The Mughal Empire

December 14, 2014 - 6 minutes read

Flag of the Mughal Empire

India is a country with a very unique culture, probably; there are only a few other countries in the globe that are characterized by the strong cultural inheritance that still remains tangible nowadays.

And one of the cultural periods we still have amazing monuments from are the Mughals. As a matter of fact monuments such as the Taj Mahal, the Fatehpur Sikri, the Humayun’s Tomb or the Baby Taj are few of the monuments the Mughals left us.

But who where this Mughals? Descending directly of the great Gegis Khan, Babut founded the Empire after his victory in the Battle of Panipat in 1526, unifying the entire country under a same religion and currency. Measures that would bring peace and, consequently, would also bring peace and a burst of culture to today’s India.

However, it was under the 5th emperor reign that the culture bloomed. Shah Jahan, the 5th emperor, was responsible for the construction of the superb constructions such as the famous Taj Mahal, the Red Fort or the Jama Masjid among many other.

Unfortunately, everything comes to an end, and it was in 1857, with the start if the Indian Rebellion, that the Mughal dynasty ended.


Taj Mahal (1632-1653)


Photography by John Haslam

The Taj Mahal is one of the best-known world heritages. It stands the South of the walled city of Agra and was constructed during the reign of Shah Jahan for his 3rd wife, Mumtaz Mahal. It is a great example of what could be called early Mughal Architecture and Persian Architecture and is said to be mostly designed bu Ustad Ahmad Lahauri.

The bulding was built in various different phases but, it is clearly differentiated the plinth and the tomb, which took 12 years to finish; and the elevated structure that stands over the plinth and is a perfect 57m sided square and is coronated by the iconic marble central 65-meter-tall dome.

And the materials, of course were brought from all over the continent. Traslucent white marble from Makrana, Rajasthan; Jasper from Punjab; jade and crystal from Chia and so on.

Don’t hesitate to share your experience in this unique spot.

Fatehpur Sikri (1571-1585)


Photography by John Haslam

What is most impressive about this monument is the fact that it is not just a building but also, an entire city. The city served as the capital of the Mughal Empire for roughly 10 years.

It was constructed during the reign of the Mughal emperor Akbar and designed mostly by Tuhir Das under the influence of the Indian principles of architecture. The red atmosphere the city has is because almost all the buildings and monuments in this city were built using the local quarried red sandstone known as “Sikri Sandstone”.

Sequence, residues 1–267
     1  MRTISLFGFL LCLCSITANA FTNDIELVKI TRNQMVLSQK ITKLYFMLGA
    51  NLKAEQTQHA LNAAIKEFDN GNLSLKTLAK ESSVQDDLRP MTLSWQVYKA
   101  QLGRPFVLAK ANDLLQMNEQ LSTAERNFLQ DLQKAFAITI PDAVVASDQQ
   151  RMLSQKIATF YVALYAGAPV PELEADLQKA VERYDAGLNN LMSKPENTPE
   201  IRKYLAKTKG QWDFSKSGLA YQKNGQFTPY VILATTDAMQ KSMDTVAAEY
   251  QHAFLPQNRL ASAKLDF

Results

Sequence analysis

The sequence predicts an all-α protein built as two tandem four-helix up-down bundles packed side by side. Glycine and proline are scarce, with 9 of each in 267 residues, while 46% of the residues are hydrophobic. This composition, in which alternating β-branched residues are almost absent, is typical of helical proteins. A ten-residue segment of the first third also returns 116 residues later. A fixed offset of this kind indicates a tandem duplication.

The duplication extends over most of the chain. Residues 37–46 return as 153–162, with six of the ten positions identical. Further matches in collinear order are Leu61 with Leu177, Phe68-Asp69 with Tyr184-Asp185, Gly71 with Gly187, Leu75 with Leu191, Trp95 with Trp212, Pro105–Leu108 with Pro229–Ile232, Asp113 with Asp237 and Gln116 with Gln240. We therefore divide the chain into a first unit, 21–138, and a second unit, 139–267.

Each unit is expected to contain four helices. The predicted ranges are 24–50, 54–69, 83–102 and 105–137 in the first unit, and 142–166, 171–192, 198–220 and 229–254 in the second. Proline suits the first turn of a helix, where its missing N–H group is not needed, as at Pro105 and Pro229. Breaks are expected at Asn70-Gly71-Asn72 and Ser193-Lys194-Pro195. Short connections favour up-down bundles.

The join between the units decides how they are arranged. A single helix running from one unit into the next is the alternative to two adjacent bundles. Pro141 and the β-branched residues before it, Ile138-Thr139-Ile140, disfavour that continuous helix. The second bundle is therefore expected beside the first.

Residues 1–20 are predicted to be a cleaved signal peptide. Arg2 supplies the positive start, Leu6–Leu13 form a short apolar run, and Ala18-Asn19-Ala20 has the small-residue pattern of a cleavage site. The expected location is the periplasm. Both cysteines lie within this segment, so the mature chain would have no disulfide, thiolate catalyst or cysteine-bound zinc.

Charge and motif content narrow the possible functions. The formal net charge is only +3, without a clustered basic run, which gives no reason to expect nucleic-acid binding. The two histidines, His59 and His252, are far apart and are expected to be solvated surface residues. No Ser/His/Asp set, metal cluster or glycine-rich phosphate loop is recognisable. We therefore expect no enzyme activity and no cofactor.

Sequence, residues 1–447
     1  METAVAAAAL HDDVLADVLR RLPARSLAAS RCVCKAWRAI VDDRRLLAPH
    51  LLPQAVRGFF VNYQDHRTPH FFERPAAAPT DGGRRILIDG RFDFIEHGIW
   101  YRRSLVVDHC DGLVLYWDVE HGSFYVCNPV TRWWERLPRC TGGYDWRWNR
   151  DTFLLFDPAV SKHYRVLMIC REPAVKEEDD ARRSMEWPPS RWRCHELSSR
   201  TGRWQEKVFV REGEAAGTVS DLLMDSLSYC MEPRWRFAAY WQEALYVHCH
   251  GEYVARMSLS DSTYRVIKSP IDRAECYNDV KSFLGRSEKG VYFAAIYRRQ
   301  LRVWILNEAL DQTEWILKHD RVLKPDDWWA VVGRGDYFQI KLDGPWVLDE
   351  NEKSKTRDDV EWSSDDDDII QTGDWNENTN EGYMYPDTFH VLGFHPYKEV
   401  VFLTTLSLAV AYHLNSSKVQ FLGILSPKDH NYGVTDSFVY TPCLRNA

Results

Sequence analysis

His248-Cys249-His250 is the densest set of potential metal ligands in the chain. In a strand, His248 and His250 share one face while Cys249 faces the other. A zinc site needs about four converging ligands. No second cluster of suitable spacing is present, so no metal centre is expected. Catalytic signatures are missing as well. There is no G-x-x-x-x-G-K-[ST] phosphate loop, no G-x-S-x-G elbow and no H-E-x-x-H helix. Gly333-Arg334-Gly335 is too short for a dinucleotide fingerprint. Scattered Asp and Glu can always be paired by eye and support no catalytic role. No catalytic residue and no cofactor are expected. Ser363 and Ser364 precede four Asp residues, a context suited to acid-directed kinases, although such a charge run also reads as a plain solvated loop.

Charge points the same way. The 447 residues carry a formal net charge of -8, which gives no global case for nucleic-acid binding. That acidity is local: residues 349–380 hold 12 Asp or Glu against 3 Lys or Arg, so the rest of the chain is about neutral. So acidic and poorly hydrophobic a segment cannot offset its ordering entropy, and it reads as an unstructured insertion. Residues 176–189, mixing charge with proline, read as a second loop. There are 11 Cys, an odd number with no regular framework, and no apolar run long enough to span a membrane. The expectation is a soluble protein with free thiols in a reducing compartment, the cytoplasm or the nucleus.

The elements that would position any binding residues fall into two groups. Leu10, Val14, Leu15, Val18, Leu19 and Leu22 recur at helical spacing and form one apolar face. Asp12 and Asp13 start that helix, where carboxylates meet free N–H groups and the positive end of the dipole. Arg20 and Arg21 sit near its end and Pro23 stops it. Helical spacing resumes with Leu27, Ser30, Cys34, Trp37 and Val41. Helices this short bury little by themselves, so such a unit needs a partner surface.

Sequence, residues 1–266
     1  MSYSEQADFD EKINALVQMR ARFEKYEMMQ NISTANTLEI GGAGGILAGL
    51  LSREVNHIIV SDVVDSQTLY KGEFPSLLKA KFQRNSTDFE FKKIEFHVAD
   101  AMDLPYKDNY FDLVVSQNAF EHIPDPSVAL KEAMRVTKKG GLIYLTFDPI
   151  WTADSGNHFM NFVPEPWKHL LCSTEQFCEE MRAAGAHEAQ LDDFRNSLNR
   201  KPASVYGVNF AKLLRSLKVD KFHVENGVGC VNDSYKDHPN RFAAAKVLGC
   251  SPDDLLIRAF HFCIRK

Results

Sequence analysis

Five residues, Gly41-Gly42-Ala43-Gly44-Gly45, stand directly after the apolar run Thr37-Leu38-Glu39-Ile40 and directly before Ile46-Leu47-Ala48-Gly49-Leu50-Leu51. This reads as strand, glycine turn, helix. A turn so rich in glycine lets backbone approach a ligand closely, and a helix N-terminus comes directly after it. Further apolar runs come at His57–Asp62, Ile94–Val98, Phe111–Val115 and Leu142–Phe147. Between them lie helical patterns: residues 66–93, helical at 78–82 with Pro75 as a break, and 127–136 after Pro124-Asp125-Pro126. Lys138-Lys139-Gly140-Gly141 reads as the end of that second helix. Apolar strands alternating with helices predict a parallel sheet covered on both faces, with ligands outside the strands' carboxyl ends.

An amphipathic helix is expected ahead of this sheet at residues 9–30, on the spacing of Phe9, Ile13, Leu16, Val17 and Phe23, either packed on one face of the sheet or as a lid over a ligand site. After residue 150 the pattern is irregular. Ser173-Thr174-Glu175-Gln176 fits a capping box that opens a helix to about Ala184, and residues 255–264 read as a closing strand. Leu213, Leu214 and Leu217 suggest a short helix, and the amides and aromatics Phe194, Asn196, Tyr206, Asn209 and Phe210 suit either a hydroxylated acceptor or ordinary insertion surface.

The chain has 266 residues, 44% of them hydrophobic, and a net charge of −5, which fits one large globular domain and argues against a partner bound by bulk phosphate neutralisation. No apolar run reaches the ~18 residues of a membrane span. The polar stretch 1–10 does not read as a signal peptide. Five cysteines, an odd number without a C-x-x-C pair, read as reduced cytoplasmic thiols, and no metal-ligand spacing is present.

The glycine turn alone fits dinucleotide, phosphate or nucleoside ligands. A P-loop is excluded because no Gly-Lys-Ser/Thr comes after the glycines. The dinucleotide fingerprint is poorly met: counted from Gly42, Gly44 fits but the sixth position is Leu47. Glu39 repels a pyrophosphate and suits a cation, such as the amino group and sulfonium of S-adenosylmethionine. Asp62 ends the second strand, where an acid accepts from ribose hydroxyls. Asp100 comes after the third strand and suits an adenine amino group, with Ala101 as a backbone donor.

Today it looks inhabited and the fact that it was only a useful city for 10 years might leads us to think it was always a ghost city. However, it was said in 1585, that it was larger and more populous than London itself.

Some of the monumental buildings that are worth visiting from this city are the Buland Darwaza, the Jama Masjid or the Panch Mahal.


Humayun’s Tomb (1570)


Photography by Dennis Jarvis

This tomb is in Delhi, so it should not be too hard for you to get there. Fruthermore, it is very relevant in the history and evolution the Mughal architectural style. It introduced the concept of Garden Tomb to India.

The Tom stand in the center of the Garden, and its main entrance is located in the South side of this irregular octagon, with 4 longer sides and 4 shorter sides (similar to that of the upper structure of the Tah Mahal but, of course, with different proportions). The tom is surrounded by pools, which are joined by channels.

Constructed in the local red stone, the tomb is mostly in its original state, something rare nowadays. It has retained its original form and purpose.


Baby Taj (1622-1628)


Photography by Alfredo Miguel Romero

Called casualy Baby Taj, in reality this is the Tomb of Itimad-ud-Daulah, and it is located in the city of Agra, where the Taj Mahal also is. So we recommend you visit this monument prior to the impressive Taj Mahal.

Built entirely of marble, this mausoleum represents the definite shift of the early stages of the red stone built monuments of the Mughal empire to the white architecture that will culminate with the construction of the Taj Mahal in 1526.

In this design you will be able to differentiate a strong Persian influence in the style. However, what we find most beautiful in the garden in which it is located, with the channels of water surrounding and criss-crossing the tomb.

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